Founded in May 1607 by the Virginia Company of London, Jamestown was the site of England’s first permanent settlement in the New World and the capital of its Virginia colony until 1699. From the beginning, the venture in Virginia had close associations with Ireland, where England was concurrently engaged in the Plantation of Ulster.
Leading members of the Virginia Company were influenced by personal experience in Ireland, where more than forty of them held office, owned land, or had other business interests. Some members of the founding expedition were veterans of the Irish wars, and had among their subordinates Francis Magnel, an Irish-born sailor who lived at Jamestown until April 1608.
Dennis O’Connor, a tradesman of Irish birth or descent, reached Jamestown in October 1608. He probably died there during the 1609-1610 winter famine known as ‘the starving time’.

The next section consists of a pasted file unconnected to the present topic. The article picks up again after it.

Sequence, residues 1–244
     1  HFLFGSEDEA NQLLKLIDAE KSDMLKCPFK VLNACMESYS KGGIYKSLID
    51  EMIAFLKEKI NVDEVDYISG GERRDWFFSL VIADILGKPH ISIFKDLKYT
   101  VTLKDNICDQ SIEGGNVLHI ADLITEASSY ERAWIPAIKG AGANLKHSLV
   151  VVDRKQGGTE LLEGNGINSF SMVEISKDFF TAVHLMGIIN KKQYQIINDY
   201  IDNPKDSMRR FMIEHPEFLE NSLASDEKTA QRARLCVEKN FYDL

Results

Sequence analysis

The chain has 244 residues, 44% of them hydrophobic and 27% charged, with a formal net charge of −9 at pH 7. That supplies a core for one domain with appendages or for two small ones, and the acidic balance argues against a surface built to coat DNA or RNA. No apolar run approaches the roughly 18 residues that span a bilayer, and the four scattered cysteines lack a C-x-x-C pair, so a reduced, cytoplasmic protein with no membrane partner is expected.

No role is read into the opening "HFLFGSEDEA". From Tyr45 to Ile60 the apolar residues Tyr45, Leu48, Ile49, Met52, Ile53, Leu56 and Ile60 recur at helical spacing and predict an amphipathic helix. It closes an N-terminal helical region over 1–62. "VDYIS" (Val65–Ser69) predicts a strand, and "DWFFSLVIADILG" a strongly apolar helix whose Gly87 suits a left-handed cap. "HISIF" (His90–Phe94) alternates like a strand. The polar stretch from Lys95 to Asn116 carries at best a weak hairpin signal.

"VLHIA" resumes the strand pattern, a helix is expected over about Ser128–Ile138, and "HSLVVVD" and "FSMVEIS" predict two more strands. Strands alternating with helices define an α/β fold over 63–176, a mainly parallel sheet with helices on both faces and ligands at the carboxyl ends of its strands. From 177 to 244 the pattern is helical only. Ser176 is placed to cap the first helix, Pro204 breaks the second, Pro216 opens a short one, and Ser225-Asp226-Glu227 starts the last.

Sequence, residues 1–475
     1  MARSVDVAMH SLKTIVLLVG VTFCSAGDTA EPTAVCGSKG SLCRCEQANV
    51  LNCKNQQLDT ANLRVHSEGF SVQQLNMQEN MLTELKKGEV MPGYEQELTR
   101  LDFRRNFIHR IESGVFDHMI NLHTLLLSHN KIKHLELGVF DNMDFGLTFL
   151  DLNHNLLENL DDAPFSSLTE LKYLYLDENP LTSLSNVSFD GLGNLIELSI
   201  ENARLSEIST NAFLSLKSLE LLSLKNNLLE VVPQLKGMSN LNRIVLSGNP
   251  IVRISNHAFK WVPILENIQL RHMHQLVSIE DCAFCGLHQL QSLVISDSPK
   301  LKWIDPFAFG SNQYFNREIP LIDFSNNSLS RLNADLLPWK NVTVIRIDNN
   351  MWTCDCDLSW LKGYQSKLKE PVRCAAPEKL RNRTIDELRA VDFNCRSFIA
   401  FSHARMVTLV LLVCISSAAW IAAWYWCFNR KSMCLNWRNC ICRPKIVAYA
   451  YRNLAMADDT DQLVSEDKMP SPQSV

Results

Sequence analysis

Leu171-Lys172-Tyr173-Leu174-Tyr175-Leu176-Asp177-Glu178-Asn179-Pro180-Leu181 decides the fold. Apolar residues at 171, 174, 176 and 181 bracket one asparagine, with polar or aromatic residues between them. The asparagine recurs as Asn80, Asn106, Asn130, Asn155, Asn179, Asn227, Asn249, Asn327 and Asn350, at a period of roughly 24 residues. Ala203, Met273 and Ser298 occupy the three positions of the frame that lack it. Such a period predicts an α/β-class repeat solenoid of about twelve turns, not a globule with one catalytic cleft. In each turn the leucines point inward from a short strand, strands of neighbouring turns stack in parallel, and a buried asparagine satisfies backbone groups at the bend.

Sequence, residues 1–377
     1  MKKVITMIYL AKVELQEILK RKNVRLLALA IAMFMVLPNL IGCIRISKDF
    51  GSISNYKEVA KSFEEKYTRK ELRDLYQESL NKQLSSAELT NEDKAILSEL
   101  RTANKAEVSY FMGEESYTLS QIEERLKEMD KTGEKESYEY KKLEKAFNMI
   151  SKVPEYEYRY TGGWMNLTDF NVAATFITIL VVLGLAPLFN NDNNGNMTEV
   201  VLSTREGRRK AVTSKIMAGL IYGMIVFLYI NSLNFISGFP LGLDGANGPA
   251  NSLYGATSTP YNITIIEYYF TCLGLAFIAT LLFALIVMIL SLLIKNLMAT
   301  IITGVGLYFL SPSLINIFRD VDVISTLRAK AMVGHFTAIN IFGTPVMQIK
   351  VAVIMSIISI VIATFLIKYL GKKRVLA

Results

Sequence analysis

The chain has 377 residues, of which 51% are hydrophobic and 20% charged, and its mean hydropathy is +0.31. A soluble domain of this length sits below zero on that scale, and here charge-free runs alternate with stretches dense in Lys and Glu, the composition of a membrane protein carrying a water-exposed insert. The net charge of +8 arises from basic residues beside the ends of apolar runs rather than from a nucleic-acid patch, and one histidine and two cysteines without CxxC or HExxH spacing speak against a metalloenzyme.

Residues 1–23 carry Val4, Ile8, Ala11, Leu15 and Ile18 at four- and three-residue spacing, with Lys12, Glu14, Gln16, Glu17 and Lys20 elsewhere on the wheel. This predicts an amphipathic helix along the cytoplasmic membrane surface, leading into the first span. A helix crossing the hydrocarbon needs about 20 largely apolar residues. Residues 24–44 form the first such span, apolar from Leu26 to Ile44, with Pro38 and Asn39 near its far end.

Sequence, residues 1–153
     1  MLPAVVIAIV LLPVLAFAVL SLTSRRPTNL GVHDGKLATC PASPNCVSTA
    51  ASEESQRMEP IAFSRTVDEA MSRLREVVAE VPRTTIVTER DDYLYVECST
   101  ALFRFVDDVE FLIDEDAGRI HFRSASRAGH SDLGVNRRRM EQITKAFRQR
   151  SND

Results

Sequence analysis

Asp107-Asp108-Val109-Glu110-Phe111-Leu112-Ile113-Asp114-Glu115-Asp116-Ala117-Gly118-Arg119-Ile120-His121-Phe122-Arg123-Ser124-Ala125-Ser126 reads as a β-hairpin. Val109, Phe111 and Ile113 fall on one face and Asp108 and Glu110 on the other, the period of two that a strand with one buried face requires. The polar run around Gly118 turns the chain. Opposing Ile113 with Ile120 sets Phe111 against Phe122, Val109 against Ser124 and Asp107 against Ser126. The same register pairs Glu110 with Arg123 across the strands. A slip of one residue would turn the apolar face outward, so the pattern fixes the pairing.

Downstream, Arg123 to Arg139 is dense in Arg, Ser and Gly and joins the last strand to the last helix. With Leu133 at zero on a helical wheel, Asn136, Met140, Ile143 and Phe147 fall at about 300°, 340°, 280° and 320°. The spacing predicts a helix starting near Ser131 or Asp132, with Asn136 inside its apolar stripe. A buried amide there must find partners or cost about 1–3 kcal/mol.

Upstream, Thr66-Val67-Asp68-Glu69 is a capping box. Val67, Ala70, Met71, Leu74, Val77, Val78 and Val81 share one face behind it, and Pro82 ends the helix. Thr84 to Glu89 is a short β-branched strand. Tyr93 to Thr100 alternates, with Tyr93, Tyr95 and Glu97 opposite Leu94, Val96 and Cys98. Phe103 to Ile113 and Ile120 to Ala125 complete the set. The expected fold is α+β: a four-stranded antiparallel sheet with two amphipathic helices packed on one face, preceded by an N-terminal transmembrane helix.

The architecture of the Virginia settlement also had Irish precedents. The plan of James Fort, a triangular enclosure erected in 1607, bore striking similarities to a 1601 fort built by English forces on the River Blackwater in Co. Armagh. In orientation and layout, the town that later spread out from the Fort resembled the fortified villages built by English planters in Ulster.
1994, archaeologists excavating the rediscovered Fort have unearthed copper
pennies and a halfpenny minted for use in Ireland. The Irish coins, dated 1601
and 1602, satisfied the Virginia settlers’ needs for small change and for
copper objects to trade with the local Indians.
William M. Kelso, Jamestown Rediscovery III (Richmond, Virginia, 1997)
David B. Quinn, Ireland and America: Their Early Associations, 1500-1640 (Liverpool, 1991)
John W. Reps, Tidewater Towns (Williamsburg, Virginia, 1972)
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Irish Connections at America’s Birthplace: Jamestown
Just how Francis Magnel came to be numbered among
’s earliest settlers is still something of a mystery. Virginia